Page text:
The clinical features associated with acromegaly include the effects of GH over secretion and in some instances the tumor directly compressing and injuring the normal pituitary gland, optic nerves and optic chiasm. Untreated acromegaly results in specific bone and soft tissue deformation including an altered facial appearance (frontal bossing, prognathism), enlargement of the hands and feet, sleep apnea, and carpal tunnel syndrome. Severe symptoms include; an accelerated cardiovascular disease, hypertension, diabetes mellitus, and an increased risk of colon cancer. If the tumor develops before bone growth is completed in adolescence, the resulting effect is gigantism [1-6].

Because of the serious systemic changes resulting from excess GH, treatment is vital. Trans‐sphenoidal adenectomy has typically been the accepted initial treatment of choice for the majority of patients with acromegaly [7-17]. However, the prediction of postoperative disease activity is a major challenge, and even though different criteria for a cure have been suggested, the relationship between these criteria and long term disease control is not well known [18-26].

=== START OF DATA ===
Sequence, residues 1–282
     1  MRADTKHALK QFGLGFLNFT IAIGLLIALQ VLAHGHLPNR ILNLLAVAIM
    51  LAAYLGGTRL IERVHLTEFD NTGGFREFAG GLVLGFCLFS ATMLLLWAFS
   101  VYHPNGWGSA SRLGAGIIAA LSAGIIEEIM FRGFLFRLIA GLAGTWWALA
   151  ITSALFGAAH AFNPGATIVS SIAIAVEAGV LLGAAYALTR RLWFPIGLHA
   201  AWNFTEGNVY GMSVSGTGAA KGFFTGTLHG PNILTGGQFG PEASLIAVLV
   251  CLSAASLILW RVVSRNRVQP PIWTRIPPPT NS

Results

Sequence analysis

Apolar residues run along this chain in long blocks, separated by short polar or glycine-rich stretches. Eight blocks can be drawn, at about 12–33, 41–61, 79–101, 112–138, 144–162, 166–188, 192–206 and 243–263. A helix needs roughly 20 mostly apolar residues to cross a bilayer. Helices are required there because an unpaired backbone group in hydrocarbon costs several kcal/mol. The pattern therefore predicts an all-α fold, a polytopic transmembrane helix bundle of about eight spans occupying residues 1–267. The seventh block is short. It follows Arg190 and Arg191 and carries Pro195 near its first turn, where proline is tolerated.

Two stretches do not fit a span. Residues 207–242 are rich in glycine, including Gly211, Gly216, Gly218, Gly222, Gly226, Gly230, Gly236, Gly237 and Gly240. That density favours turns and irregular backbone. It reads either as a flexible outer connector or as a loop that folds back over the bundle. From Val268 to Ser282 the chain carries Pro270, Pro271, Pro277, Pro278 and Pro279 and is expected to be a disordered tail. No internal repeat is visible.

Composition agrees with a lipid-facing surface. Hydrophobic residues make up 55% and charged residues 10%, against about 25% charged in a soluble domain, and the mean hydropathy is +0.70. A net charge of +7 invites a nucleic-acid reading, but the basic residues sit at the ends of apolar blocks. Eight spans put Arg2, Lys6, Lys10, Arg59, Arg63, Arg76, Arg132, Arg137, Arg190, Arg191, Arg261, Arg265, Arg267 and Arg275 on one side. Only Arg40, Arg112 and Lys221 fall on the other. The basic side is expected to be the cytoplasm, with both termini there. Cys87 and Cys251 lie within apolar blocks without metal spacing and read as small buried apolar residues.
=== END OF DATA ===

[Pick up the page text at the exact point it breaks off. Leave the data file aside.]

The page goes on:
The purpose of this is study is to validate the relationship between the early postoperative basal GH level and long term GH level (or in other words, based on GH level early postoperative, what are the chances that the GH will be normalized in long term). We also aim in this report to present our experience of addressing such complicated type of pituitary adenoma.

Material and Methods

Patient characteristics

The data of 103 consecutive patients, who underwent a surgical treatment for GH-producing adenomas at the University Hospital in Damascus between 2000 and 2008, were analyzed retrospectively. The patient population consisted of 48 males and 55 females, with a mean age of 39 years (range: 18-60yrs). These patients constituted approximately 28.5% of all cases of pituitary adenoma treated at this location during this period (Figure 1).